to think that men should suddenly find her so much more
attractive. In the least way it incited her to coolness and

"Do look here," she remarked to Lola. "See what this man says:
'If you will only deign to grant me one half-hour,'" she
repeated, with an imitation of languor. "The idea. Aren't men

"He must have lots of money, the way he talks," observed Lola.
"That's what they all say," said Carrie, innocently.

"Why don't you see him," suggested Lola, "and hear what he has to

"Indeed I won't," said Carrie. "I know what he'd say. I don't
want to meet anybody that way."

Lola looked at her with big, merry eyes.

"He couldn't hurt you," she returned. "You might have some fun
with him."

Carrie shook her head.

"You're awfully queer," returned the little, blue-eyed soldier.

Thus crowded fortune. For this whole week, though her large
salary had not yet arrived, it was as if the world understood and
trusted her. Without money--or the requisite sum, at least--she
enjoyed the luxuries which money could buy. For her the doors of
fine places seemed to open quite without the asking. These
palatial chambers, how marvellously they came to her. The
elegant apartments of Mrs. Vance in the Chelsea--these were hers.
Men sent flowers, love notes, offers of fortune. And still her
dreams ran riot. The one hundred and fifty! the one hundred and
fifty! What a door to an Aladdin's cave it seemed to be. Each
day, her head almost turned by developments, her fancies of what
her fortune must be, with ample money, grew and multiplied. She
conceived of delights which were not--saw lights of joy that
never were on land or sea. Then, at last, after a world of
anticipation, came her first installment of one hundred and fifty

It was paid to her in greenbacks--three twenties, six tens, and
six fives. Thus collected it made a very convenient roll. It
was accompanied by a smile and a salutation from the cashier who
paid it.

"Ah, yes," said the latter, when she applied; "Miss Madenda--one
hundred and fifty dollars. Quite a success the show seems to
have made."

"Yes, indeed," returned Carrie.

Right after came one of the insignificant members of the company,
and she heard the changed tone of address.

"How much?" said the same cashier, sharply. One, such as she had
only recently been, was waiting for her modest salary. It took
her back to the few weeks in which she had collected--or rather
had received--almost with the air of a domestic, four-fifty per
week from a lordly foreman in a shoe factory--a man who, in
distributing the envelopes, had the manner of a prince doling out
favours to a servile group of petitioners. She knew that out in
Chicago this very day the same factory chamber was full of poor
homely-clad girls working in long lines at clattering machines;
that at noon they would eat a miserable lunch in a half-hour;
that Saturday they would gather, as they had when she was one of
them, and accept the small pay for work a hundred times harder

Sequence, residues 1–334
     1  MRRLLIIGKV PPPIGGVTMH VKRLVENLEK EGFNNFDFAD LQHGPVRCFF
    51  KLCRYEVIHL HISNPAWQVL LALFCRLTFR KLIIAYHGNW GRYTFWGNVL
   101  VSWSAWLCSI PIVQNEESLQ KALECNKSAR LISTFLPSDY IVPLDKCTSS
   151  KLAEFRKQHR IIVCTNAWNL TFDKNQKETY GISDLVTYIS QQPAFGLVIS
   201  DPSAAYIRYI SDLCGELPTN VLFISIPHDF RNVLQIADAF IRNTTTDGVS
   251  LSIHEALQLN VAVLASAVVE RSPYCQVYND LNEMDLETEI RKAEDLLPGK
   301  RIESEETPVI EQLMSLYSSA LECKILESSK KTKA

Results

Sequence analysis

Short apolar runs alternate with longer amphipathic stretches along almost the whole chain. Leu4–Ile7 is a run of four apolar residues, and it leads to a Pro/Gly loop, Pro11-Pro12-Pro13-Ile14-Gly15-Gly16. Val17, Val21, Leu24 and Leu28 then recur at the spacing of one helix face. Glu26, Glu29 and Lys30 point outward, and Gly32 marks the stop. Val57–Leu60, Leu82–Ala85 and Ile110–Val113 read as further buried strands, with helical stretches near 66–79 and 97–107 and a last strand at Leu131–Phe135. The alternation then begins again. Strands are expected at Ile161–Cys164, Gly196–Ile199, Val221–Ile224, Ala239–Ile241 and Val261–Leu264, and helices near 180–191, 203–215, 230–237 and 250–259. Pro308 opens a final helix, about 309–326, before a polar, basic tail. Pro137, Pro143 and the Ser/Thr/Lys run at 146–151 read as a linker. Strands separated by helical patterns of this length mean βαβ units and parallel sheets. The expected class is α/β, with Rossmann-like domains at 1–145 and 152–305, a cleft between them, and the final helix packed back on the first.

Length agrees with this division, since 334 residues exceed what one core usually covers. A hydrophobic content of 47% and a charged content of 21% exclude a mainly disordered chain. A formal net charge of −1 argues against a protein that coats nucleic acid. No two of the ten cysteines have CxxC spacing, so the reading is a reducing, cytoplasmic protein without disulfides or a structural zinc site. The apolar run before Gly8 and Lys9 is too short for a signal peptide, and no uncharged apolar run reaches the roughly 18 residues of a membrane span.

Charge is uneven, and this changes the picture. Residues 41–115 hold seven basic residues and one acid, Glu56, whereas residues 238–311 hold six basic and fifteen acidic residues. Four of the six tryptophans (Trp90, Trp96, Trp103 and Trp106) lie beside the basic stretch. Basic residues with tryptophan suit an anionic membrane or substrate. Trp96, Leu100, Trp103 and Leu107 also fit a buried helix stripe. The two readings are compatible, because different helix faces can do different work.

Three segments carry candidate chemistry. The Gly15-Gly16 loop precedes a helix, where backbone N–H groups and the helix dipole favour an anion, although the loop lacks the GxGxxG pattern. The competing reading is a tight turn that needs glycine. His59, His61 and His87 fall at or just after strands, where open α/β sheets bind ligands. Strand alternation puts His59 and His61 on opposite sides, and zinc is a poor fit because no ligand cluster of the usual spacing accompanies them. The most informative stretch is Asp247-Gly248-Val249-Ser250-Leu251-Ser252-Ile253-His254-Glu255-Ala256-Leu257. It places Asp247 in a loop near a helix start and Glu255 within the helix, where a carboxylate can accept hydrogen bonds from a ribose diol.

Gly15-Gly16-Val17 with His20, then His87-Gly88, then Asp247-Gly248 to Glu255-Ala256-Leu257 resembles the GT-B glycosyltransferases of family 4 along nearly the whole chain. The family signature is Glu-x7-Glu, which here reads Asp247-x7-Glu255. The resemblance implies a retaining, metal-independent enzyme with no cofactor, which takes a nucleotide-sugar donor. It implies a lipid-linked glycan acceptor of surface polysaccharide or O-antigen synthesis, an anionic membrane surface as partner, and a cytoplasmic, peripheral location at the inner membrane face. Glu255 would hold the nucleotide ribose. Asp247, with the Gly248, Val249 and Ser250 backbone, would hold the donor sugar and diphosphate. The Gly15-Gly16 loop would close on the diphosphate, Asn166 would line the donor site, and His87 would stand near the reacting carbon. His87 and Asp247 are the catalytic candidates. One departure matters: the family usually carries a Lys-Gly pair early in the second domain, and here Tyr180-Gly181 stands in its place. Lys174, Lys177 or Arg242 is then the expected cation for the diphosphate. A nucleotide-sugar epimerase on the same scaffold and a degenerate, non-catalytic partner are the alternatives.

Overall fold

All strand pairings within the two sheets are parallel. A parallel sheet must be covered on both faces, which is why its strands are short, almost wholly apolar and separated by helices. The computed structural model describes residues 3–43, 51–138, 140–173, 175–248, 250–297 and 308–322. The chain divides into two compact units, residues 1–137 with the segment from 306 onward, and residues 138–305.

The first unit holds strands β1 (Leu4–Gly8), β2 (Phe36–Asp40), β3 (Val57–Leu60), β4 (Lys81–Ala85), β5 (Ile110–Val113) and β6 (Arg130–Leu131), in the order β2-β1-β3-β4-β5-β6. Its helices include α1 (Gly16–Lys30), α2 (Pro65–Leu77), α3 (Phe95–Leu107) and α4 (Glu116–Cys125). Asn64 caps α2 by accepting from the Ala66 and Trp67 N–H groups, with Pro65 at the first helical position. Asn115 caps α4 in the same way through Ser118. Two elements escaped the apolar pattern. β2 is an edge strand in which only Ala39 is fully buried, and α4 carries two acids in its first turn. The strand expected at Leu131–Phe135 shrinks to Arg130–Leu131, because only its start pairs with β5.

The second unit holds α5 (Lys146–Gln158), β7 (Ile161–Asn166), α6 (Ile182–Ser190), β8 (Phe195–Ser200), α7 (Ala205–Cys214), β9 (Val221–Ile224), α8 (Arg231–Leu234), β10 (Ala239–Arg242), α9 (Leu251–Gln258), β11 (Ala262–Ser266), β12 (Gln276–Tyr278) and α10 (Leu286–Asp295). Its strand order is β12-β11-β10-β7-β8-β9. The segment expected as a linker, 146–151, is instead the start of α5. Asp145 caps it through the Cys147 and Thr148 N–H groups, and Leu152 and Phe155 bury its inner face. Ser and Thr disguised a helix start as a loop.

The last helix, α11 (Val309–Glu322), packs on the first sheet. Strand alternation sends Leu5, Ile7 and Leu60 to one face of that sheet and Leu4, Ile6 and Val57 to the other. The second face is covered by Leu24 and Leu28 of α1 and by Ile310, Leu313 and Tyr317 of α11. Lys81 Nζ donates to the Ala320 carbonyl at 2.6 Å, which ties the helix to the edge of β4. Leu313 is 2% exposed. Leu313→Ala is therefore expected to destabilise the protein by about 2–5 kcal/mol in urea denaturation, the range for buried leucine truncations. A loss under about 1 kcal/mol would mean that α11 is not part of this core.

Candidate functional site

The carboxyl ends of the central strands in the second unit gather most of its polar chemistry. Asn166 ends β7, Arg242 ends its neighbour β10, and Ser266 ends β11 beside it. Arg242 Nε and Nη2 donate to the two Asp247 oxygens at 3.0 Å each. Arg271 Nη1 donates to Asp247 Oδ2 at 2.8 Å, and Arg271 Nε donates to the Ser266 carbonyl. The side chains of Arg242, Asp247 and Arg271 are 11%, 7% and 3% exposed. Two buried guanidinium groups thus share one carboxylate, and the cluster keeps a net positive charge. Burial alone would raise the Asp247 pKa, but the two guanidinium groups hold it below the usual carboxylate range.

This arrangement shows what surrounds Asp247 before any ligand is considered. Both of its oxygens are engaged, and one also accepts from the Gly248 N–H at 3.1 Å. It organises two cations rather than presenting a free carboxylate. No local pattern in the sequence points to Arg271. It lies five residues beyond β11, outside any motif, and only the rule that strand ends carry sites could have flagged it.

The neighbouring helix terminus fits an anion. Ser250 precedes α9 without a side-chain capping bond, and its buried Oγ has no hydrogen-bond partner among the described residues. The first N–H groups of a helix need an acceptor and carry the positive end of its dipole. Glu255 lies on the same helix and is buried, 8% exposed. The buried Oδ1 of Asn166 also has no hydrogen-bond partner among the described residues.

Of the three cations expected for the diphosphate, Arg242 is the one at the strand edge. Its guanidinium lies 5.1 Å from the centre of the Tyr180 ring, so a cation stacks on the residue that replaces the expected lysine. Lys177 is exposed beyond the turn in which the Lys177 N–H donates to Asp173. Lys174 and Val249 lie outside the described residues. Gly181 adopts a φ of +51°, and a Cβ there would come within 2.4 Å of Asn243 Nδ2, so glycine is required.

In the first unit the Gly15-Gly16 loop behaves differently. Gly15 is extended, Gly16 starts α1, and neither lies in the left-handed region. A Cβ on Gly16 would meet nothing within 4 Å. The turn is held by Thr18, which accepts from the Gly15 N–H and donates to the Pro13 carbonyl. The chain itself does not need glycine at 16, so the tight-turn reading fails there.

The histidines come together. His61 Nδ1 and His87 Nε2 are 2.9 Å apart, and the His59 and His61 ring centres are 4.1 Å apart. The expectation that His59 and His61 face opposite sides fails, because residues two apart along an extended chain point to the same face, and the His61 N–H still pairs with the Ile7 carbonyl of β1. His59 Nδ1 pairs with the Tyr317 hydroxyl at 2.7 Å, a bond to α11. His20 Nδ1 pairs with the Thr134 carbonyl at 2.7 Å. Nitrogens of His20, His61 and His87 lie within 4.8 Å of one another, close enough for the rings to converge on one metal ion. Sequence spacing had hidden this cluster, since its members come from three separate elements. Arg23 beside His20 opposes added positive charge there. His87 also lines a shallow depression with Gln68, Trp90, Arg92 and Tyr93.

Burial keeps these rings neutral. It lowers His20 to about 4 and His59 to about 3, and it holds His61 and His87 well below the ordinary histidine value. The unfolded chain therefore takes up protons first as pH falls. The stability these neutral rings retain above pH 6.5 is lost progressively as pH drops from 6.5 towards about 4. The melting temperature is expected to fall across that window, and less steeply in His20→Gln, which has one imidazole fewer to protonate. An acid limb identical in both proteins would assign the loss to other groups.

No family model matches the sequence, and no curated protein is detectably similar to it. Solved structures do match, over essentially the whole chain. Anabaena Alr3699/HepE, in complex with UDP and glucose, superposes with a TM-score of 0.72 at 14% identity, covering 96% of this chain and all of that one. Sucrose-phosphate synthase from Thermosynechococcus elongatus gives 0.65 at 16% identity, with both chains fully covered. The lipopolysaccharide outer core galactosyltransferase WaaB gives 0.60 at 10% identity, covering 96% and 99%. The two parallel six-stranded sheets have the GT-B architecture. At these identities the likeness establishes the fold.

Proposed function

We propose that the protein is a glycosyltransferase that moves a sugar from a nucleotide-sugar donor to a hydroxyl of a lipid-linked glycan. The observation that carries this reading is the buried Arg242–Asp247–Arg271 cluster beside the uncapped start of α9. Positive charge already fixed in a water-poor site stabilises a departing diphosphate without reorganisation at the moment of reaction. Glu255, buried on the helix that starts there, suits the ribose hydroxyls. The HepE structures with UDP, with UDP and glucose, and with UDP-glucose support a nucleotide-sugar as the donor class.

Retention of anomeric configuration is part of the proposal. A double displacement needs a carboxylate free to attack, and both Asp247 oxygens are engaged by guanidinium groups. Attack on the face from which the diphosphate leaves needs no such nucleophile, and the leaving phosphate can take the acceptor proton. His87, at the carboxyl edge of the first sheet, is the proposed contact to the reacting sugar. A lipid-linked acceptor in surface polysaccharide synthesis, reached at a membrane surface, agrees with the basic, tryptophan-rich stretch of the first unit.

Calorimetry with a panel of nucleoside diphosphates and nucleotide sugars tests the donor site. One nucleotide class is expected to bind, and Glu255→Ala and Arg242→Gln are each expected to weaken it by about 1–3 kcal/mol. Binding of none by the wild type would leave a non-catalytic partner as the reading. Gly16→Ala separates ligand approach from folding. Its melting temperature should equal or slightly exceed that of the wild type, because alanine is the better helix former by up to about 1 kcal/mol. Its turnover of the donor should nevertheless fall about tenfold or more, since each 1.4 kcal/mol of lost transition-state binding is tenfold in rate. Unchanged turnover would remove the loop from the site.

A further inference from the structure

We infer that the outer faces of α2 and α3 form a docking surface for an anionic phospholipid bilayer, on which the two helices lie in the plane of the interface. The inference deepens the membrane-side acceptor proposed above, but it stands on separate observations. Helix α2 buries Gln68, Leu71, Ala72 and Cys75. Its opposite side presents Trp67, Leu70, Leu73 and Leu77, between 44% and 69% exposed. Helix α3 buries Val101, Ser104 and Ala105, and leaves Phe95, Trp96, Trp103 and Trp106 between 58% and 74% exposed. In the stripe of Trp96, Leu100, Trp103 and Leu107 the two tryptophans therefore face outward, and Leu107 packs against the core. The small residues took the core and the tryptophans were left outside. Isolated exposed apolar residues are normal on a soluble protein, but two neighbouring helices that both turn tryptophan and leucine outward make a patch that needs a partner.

than she was now doing. Oh, it was so easy now! The world was so
rosy and bright. She felt so thrilled that she must needs walk
back to the hotel to think, wondering what she should do.

It does not take money long to make plain its impotence,
providing the desires are in the realm of affection. With her
one hundred and fifty in hand, Carrie could think of nothing
particularly to do. In itself, as a tangible, apparent thing
which she could touch and look upon, it was a diverting thing for
a few days, but this soon passed. Her hotel bill did not require
its use. Her clothes had for some time been wholly satisfactory.
Another day or two and she would receive another hundred and
fifty. It began to appear as if this were not so startlingly
necessary to maintain her present state. If she wanted to do
anything better or move higher she must have more--a great deal

Now a critic called to get up one of those tinsel interviews
which shine with clever observations, show up the wit of critics,
display the folly of celebrities, and divert the public. He
liked Carrie, and said so, publicly--adding, however, that she
was merely pretty, good-natured, and lucky. This cut like a
knife. The "Herald," getting up an entertainment for the benefit
of its free ice fund, did her the honour to beg her to appear
along with celebrities for nothing. She was visited by a young
author, who had a play which he thought she could produce. Alas,
she could not judge. It hurt her to think it. Then she found
she must put her money in the bank for safety, and so moving,
finally reached the place where it struck her that the door to
life's perfect enjoyment was not open.

Gradually she began to think it was because it was summer.
Nothing was going on much save such entertainments as the one in
which she was the star. Fifth Avenue was boarded up where the
rich had deserted their mansions. Madison Avenue was little
better. Broadway was full of loafing thespians in search of next
season's engagements. The whole city was quiet and her nights
were taken up with her work. Hence the feeling that there was
little to do.

"I don't know," she said to Lola one day, sitting at one of the
windows which looked down into Broadway, "I get lonely; don't

"No," said Lola, "not very often. You won't go anywhere. That's
what's the matter with you."

"Where can I go?"

"Why, there're lots of places," returned Lola, who was thinking
of her own lightsome tourneys with the gay youths. "You won't go
with anybody."

"I don't want to go with these people who write to me. I know
what kind they are."

"You oughtn't to be lonely," said Lola, thinking of Carrie's
success. "There're lots would give their ears to be in your

Carrie looked out again at the passing crowd.

"I don't know," she said.

Unconsciously her idle hands were beginning to weary.

Chapter XLV